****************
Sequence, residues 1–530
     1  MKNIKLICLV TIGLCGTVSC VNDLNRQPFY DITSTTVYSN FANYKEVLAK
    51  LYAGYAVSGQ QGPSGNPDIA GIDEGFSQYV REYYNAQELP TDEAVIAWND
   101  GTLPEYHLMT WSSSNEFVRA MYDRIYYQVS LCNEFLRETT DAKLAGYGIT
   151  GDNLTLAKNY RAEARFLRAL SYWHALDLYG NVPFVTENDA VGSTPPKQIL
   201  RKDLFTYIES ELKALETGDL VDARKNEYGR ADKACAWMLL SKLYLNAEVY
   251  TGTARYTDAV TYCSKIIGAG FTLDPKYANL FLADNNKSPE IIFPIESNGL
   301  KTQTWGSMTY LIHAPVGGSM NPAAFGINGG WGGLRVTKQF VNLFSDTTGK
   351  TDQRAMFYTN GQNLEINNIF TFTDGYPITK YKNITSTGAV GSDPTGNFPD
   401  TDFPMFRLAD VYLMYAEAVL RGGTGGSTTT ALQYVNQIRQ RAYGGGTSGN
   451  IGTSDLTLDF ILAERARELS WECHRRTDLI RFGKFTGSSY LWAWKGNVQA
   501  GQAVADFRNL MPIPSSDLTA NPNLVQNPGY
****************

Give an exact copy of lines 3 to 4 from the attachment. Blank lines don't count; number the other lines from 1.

    51  LYAGYAVSGQ QGPSGNPDIA GIDEGFSQYV REYYNAQELP TDEAVIAWND
   101  GTLPEYHLMT WSSSNEFVRA MYDRIYYQVS LCNEFLRETT DAKLAGYGIT